KARE reminder helps Chaska man catch melanoma early

9:37 PM, May 27, 2013   |    comments
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CHASKA, Minn. - At the time of year when the air gets warmer and we expose our skin to more of the sun's rays, it's no surprise that May is Melanoma Awareness Month.

It's important to be on the lookout for signs of skin cancer.

A Twin Cities area man says a simple reminder may just have saved his life.

On Tuesday, Terry Reisdorf shared a picture of himself holding his young daughter during family trip a couple years ago to Cancun.  You have to look closely to see the small, round, dark brown spot on his arm.

Reisdorf said, "I had this spot on my arm for two and a half years."

He didn't like the looks of it.  Still, when this Chaska dad looked up skin cancer on the internet, he figured he had nothing to worry about.

He said he told himself, "This passes all the tests for ABCD, symmetry, border, color, diameter."

Yes, Melanoma signs include a spot that: 

A - is asymmetrical

B - has a border that's irregular

C - has color that's uneven

D - has a diameter bigger than a pencil eraser.

But Reisdorf's spot didn't show those signs. It was uniform, round and small. 

Still he had a nagging feeling. 

So he said when he saw the KARE sunrise crew talking about melanoma at the beginning of May, "It kind of pushed me, or as you say kind of prodded me, to say, 'You should make an appointment to get this spot looked at.'"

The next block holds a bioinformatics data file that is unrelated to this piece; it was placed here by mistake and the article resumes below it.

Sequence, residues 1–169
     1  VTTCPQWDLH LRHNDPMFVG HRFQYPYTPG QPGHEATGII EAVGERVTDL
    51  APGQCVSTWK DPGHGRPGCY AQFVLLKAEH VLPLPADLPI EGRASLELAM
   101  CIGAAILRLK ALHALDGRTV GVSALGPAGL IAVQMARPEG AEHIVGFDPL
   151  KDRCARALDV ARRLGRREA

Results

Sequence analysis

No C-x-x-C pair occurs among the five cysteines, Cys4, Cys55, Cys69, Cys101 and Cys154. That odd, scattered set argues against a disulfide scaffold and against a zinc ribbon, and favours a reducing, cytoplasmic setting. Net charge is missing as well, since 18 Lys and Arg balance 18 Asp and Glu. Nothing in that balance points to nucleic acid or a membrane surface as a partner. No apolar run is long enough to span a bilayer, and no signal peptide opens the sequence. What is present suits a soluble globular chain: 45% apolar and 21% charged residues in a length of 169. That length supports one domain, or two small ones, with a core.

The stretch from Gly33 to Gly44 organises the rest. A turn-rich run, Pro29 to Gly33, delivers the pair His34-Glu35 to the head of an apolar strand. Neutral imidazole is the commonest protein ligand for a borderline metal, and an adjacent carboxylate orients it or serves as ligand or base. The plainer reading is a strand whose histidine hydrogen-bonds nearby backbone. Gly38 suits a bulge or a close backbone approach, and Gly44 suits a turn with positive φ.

Reisdorf saw a doctor on May 1st. 

It turns out, there's something else you should look for when looking for signs of melanoma. 

Dr. Debra Scherman, with Fairview-Primary Care Skin Clinic in Eden Prairie, called it the ugly duckling rule.

She said, "You may have many nevi, brown spots on your skin.  But usually, if you have one that's new or an old one that's changing into a melanoma, it will look like the ugly duckling among the others."

Reisdorf's spot didn't look like any others on his body.  He said, "It was that ugly duckling."

And Reisdorf's unusual spot turned out to be malignant melanoma.  His cancer was deep but doctors removed it and also a lymph node.

He said, "My surgeon called and said I am cancer free."

This father and husband is happy he caught it early.

Now he hopes to inspire others to look at their skin more closely.

Dr. Scherman said to protect your skin, it's important to apply about a shot-glass worth of 30 SPF broad spectrum sunscreen or higher, at least every two hours when outdoors. 

In addition to melanoma, there are also basal cell and squamous cell skin cancers which have different signs and symptoms. 

Check out more information on skin cancer from the American Cancer Society.

(Copyright 2013 by KARE. All Rights Reserved.)

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